La Tentative de l’Impossible
A man in a suit produces, with his palette, a nude woman into the air, introducing their unbreakable relation to the room. The woman is Georgette, the man, her husband. She and Magritte were more beautiful then, and Loulou their Pomeranian was even cuter. Mag executed that oil-on-canvas in 1928, years before a handful of hateful things, years during which she and he were still attempting the impossible, which is to say: perfection.
In spite of sexual missteps—his with Sheila Legg (yes, Georgette knew) and hers (dull to say it was revenge, but it’s true) with his pal Paul Colinet (sent to distract her, so she let herself be distracted)—she remained the woman of his life. He, the man of hers. Only cartoons can say that they have “No regrets.” This was before the war.
René likes to say, “When I go off on holiday the best moment is when I come back.” Georgette feels the same. So back they came. She tries not to mock herself with the image of him taking off the groupie’s artist’s smock there, in England in the 30s; mussing a bed with this other woman. Tries not to think of her stupid nickname: “The Surrealist Phantom.” And Mag never mentions, on TV or the radio, that he knows his wife went to bed, too, with his poet best-friend.
Such crazy love—such amour feu—they can attribute to a solitary and uncharacteristic lapse, and after a while (as in, a few years to reconcile) they clasped each other more tightly than before. This was after that war.
“In music, I don’t go further than Debussy and Ravel,” her husband likes to say, too. But he sometimes asks Georgette: “Play me Satie’s Gymnopédies,” and she does. There’s a mystery in the universe—what then? “Let’s not talk about it,” he says of death. But it’s their friend E.L.T. Mesens who wants to keep their dumb affairs suppressed.
Georgette knows that she and Mag can never forget, so why not let it be said? Loulou their Pomeranian, he also knows. Georgette has told him; they’ve talked it over. He thinks no less of them—like any faithful pet, he values fidelity, but he’s not, thank god, a fanatic about it. He’s humped a few legs in his day. What of it? Mesens, though, took the news at the time like a murder confession. Georgette despised him for that then, but she’s over it now. Mesens was not, she does not think, any kind of enabler. She pities the man his belittling reduction of her, of her husband: as petit bourgeois, as slavishly devoted, as never subject to ungainly emotions. And sure, it hurt, but it wasn’t fatal. It went from puncture wound to something more bearable: the tiny pinecone that never quite leaves your shoe.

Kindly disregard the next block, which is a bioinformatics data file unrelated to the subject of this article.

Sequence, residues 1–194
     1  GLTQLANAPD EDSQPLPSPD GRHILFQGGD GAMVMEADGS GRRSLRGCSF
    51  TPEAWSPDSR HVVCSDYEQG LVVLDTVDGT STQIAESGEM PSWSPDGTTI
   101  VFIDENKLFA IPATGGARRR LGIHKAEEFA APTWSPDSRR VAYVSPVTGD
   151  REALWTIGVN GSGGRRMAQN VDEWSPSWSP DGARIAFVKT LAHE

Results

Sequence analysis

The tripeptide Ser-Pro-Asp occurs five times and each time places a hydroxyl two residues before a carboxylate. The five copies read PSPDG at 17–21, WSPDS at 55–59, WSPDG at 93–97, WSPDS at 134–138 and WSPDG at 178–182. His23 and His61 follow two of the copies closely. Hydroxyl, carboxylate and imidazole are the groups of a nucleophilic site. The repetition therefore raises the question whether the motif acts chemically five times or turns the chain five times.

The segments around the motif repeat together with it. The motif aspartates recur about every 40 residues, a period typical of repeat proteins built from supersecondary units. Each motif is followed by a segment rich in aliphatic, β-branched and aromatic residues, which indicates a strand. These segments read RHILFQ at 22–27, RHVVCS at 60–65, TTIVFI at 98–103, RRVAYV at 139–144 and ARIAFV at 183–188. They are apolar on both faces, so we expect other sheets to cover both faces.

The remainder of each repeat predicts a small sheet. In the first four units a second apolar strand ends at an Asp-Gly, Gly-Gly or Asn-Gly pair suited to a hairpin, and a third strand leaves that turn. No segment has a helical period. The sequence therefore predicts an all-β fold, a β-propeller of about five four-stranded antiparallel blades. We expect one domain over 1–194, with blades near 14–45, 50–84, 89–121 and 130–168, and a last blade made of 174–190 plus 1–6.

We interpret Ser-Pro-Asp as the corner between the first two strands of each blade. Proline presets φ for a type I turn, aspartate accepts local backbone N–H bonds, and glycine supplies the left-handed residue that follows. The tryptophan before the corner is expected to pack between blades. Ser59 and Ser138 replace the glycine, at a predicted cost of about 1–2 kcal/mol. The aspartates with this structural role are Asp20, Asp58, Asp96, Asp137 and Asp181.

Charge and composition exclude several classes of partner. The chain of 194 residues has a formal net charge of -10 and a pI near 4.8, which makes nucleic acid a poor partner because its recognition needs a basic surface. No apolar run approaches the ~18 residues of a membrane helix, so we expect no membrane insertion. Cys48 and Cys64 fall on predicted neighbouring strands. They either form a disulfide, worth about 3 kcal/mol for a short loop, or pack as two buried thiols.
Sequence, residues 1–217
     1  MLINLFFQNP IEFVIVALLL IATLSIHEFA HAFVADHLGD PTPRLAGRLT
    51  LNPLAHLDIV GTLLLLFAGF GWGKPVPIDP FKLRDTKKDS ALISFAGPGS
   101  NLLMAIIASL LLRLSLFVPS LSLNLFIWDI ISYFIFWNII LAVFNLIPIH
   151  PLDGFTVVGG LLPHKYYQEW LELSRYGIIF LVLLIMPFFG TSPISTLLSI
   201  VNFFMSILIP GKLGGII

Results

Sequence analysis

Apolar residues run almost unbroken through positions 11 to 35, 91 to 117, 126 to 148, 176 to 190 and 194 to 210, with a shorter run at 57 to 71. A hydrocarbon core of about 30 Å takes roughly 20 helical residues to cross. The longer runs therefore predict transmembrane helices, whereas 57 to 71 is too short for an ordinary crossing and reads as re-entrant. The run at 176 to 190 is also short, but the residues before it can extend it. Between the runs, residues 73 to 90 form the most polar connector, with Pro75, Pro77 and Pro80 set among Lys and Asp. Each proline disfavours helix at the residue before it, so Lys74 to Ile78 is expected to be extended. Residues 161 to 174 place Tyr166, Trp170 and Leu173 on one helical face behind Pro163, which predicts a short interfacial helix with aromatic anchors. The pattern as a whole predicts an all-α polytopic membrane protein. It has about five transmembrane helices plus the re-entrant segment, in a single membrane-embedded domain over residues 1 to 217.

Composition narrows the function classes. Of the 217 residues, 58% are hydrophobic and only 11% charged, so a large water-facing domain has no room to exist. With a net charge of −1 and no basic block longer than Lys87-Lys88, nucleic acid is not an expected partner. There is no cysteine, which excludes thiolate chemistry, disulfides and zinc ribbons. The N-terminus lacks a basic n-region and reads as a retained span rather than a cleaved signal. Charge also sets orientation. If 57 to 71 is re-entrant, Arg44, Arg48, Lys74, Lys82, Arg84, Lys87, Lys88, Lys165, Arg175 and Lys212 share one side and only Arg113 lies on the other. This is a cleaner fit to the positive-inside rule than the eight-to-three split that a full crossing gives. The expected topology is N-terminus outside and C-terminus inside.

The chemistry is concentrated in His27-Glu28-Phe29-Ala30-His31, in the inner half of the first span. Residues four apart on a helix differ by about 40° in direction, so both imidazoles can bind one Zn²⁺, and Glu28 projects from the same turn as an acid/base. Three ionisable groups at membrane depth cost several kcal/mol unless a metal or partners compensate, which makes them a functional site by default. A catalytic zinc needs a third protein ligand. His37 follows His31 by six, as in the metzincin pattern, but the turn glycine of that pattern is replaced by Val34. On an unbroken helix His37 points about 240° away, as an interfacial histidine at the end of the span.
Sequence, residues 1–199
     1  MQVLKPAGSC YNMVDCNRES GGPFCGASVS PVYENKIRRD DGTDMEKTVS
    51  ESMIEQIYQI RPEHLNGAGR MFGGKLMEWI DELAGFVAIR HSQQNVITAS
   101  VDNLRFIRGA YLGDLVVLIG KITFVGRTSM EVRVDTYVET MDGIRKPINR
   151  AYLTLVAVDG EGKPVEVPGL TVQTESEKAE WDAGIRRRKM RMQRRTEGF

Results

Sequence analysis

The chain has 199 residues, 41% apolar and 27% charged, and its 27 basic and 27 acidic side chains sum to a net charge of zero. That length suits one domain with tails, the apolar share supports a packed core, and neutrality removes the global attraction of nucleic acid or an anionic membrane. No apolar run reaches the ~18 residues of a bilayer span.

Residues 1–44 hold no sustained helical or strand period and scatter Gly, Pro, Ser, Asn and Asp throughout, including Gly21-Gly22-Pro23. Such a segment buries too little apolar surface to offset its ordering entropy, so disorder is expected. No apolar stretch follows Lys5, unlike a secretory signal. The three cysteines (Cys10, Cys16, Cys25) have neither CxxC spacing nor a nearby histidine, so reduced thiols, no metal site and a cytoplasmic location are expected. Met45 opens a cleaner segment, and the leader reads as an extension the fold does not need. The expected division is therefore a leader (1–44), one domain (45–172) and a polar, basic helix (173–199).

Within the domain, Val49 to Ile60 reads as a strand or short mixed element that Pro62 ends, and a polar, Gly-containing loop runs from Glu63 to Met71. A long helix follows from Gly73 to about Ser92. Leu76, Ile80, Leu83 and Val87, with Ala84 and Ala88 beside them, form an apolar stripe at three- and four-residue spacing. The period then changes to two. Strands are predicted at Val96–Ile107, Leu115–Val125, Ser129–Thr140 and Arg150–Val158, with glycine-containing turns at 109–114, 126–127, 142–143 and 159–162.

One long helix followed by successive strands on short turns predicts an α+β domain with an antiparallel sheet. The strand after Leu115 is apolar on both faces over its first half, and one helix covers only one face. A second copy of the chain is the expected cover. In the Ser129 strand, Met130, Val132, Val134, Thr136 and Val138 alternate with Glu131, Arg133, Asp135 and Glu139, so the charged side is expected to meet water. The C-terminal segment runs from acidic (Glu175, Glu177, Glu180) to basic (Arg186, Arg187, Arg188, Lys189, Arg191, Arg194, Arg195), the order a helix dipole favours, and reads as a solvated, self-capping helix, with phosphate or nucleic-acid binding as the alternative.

Like she said to Loulou, their marriage is nothing to do with class. Does she wish the cheating hadn’t happened? Of course she does, yes. But their audacity is bigger than can be contained by the petty mind. Where would she find a better soulmate than Mag? He still comes up behind her sometimes, whacks her on the ass and says something lusty. But one mustn’t burst Mesens’s bubble by admitting to that.
Kathleen Rooney is a founding editor of Rose Metal Press, a publisher of literary work in hybrid genres, and a founding member of Poems While You Wait. Co-editor of The Selected Writings of René Magritte, forthcoming from Alma Books (UK) and University of Minnesota Press (U.S.) in 2016, she is also the author of seven books of poetry, nonfiction, and fiction, including, most recently, the novel O, Democracy! (2014) and the novel in poems Robinson Alone (2012). Her second novel, What Makes You Seek Your Fortune Here, will be published by St. Martin’s Press in 2017.
Photo credit: Philip Dembinski
Leave a Reply